John Weldon Cale (5 December 1938 – 26 July 2013), known as JJ Cale or J.J. Cale, was a Grammy Award-winning American singer-songwriter and musician. Cale was one of the originators of the Tulsa Sound, a loose genre drawing on blues, rockabilly, country, and jazz influences. Cale's personal style has often been described as "laid back".
His songs have been performed by a number of other musicians including "After Midnight" and "Cocaine" by Eric Clapton,"Cajun Moon" by Randy Crawford, "Clyde" and "Louisiana Women" by Waylon Jennings, "Magnolia" by Jai, "Bringing It Back" by Kansas, "Call Me the Breeze" and "I Got the Same Old Blues" by Lynyrd Skynyrd, "I'd Like to Love You, Baby" by Tom Petty, "Travelin' Light" and "Ride Me High" by Widespread Panic, "Tijuana" by Harry Manx, "Sensitive Kind" by Carlos Santana, "Cajun Moon" by Herbie Mann with Cissy Houston, and "Same Old Blues" by Captain Beefheart.
Cale was born on December 5, 1938, in Oklahoma City, Oklahoma. He was raised in Tulsa and graduated from Tulsa Central High School in 1956. Along with a number of other young Tulsa musicians, Cale moved to Los Angeles in the early 1960s, where he first worked as a studio engineer.
The Leathercoated Minds was a 1966-67 psychedelic studio-based band masterminded largely by Snuff Garrett and J J Cale. The band produced one album, A Trip down the Sunset Strip, co-produced by Cale and Garrett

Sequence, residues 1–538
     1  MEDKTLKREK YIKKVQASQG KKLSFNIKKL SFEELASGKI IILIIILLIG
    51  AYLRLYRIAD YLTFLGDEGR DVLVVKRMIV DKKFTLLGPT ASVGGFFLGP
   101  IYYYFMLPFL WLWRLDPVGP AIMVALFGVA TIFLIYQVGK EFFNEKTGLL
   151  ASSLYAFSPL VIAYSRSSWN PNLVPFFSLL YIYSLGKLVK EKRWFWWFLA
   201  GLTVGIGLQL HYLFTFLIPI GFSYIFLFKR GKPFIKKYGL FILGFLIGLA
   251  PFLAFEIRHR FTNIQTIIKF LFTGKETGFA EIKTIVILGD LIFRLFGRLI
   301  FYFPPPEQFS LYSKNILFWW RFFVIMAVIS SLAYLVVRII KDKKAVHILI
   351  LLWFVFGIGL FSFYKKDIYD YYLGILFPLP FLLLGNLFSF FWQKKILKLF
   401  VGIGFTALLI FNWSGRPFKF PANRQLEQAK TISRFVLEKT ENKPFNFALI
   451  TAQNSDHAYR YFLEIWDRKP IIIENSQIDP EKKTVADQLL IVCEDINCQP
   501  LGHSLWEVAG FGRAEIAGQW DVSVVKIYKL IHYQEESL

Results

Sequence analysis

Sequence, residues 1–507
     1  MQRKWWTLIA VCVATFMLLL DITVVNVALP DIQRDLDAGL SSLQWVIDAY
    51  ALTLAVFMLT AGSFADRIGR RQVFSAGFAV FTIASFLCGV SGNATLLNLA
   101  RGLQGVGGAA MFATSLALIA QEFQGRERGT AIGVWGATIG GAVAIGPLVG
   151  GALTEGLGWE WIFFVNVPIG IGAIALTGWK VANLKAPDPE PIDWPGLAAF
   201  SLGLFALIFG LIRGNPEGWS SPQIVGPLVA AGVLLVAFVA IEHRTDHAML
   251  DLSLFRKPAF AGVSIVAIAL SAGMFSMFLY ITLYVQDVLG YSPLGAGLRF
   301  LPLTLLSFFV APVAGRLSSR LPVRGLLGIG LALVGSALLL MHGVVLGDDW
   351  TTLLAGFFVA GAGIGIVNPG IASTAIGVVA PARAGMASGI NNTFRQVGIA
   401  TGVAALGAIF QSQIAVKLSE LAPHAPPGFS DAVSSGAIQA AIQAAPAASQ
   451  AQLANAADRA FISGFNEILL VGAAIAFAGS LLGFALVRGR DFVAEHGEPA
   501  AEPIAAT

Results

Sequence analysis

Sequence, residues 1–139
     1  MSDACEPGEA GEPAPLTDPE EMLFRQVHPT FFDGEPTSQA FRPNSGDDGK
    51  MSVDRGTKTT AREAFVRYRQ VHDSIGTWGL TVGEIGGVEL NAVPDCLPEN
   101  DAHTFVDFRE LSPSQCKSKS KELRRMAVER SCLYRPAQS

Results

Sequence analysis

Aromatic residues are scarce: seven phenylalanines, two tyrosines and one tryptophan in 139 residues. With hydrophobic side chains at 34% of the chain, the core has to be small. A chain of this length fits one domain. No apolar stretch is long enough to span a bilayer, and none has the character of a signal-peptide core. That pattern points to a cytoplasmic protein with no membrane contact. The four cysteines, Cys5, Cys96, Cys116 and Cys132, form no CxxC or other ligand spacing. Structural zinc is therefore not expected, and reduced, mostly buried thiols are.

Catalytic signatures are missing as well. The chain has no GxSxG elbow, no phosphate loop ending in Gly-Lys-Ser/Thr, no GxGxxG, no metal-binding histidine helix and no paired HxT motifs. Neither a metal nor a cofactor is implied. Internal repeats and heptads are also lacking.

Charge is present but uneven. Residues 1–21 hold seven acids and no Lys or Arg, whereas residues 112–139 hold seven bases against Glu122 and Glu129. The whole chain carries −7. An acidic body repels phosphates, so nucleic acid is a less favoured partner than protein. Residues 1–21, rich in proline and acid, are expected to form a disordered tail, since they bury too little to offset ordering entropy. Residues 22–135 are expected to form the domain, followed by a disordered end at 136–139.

Finding little success as a recording artist, he later returned to Tulsa and was considering giving up the music business until Clapton recorded "After Midnight" in 1970. His first album, Naturally, established his style, described by Los Angeles Times writer Richard Cromelin as a "unique hybrid of blues, folk and jazz, marked by relaxed grooves and Cale's fluid guitar and laconic vocals. His early use of drum machines and his unconventional mixes lend a distinctive and timeless quality to his work and set him apart from the pack of Americana roots-music purists."
Some sources incorrectly give his real name as "Jean-Jacques Cale". In the 2006 documentary, To Tulsa and Back: On Tour with J.J. Cale, Cale talks about Elmer Valentine, co-owner of the Sunset Strip nightclub Whisky à GoGo, who employed him in the mid-1960s, being the one that came up with the "JJ" moniker to avoid confusion with the Velvet Underground's John Cale. Rocky Frisco tells the same version of the story mentioning the other John Cale but without further detail.
His biggest U.S. hit single, Crazy Mama, peaked at #22 on the U.S. Billboard Hot 100 chart in 1972. During the 2006 documentary film To Tulsa and Back Cale recounts the story of being offered the opportunity to appear on Dick Clark's American Bandstand to promote the song, which would have moved the song higher on the charts. Cale declined when told he could not bring his band to the taping and would be required to lip-sync the words to the song.
Cale died on Friday, July 26, 2013, at Scripps Hospital in La Jolla, California, after suffering a heart attack.